Operating Approach

By Roger Western G3SXW and John Warburton G4IRN 

CQ Zone Map

Winning the CQWW CW contest doesn’t happen by fluke. It’s the result of lots of experience, preparation, focus and commitment. Over the years, the Voodoo group found the ingredients for the winning formula:

  •  Be in a rare country multiplier (so everyone wants to work us);
  • Ensure a good shot to the high ham-population areas of Europe, USA and Asia to maximise 3 point QSOs – (South America and Africa are the other two continents which fit the bill);
  • Preferably a QTH adjacent to the sea, with a clear path to the above areas;
  • A hotel with stable and high-availability power;
  • A hotel management willing to put up with us;
  • Great operators that have an ear for a new multiplier in the pile-up;
  • Good communication within the team (for passing multipliers);
  • Great antennas, with the HF antennas as high as possible;
  • A hotel with several (at least 3 or 4) storeys and a large flat roof;
  • Not too big a team – the larger the team, the less the cohesion;
  • Organisation: roles and responsibilities divided out and clearly understood, scheduled operating times during the contest;
  • Lots of jokes, leg pulling and laughs;
  • A determination to win.

The Shack

In a Multi-Multi contest the aim was always to get a hotel room that would host all seven stations (160 to 10m plus a multiplier station) together – this made it easy to communicate, pass multipliers between stations and give a sense of camaraderie within the team. This wasn’t always possible; several times the LF and HF stations had to be separated into different, albeit adjacent, rooms. Air-conditioning is a must: temperatures even at night only drop to only about 80F (27C). With those linear amplifiers the temperature in the shack can get unbearable – at very least we needed big fans.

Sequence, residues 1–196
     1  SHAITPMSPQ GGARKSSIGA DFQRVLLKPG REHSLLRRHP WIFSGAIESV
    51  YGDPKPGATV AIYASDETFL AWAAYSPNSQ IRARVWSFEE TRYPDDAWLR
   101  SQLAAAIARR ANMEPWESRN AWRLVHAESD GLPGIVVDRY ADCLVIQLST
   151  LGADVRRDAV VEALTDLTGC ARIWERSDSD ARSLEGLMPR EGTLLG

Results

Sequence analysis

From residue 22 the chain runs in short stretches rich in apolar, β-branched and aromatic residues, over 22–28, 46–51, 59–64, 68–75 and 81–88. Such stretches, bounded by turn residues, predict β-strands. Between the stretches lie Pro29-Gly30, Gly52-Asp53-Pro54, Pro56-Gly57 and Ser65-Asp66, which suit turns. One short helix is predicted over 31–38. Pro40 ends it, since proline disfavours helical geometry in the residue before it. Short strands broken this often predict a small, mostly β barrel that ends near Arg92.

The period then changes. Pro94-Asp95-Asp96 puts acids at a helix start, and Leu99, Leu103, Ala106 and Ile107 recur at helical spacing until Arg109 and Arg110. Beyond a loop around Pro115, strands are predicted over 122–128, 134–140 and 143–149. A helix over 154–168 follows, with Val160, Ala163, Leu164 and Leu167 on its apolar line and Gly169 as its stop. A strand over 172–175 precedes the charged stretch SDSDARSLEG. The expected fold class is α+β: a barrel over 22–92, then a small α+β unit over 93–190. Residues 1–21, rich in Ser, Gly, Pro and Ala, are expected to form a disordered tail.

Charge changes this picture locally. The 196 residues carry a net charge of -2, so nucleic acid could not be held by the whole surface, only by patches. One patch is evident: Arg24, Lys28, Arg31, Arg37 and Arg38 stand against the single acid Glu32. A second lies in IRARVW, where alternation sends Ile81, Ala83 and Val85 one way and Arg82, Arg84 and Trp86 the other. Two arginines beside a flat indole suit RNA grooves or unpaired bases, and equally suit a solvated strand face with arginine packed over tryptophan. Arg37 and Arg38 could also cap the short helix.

XT2DX Shack

XT2DX Shack

Lay-out was ideal at XT2DX: a large conference room (almost too well air-conditioned!) where seven stations sat in a U shape with their backs to each other so that they could look over the shoulder at the frequency of all other stations. TZ5A was similarly laid out. Of course these days with a reliable network and CAT-controlled radios we see all the frequencies on screen so this is less important.

Typical operating position

Typical operating position

Each station consisted of a radio (Kenwood TS930s, moving to Elecraft K2 or K3 in later years), Alpha amplifier, rotator control box (HF) or receive antenna switch (LF), laptop with CAT connection to the radio, K1EL Winkey unit and CW paddle.

The Operating Schedule

Operator schedule (5U5Z 2003)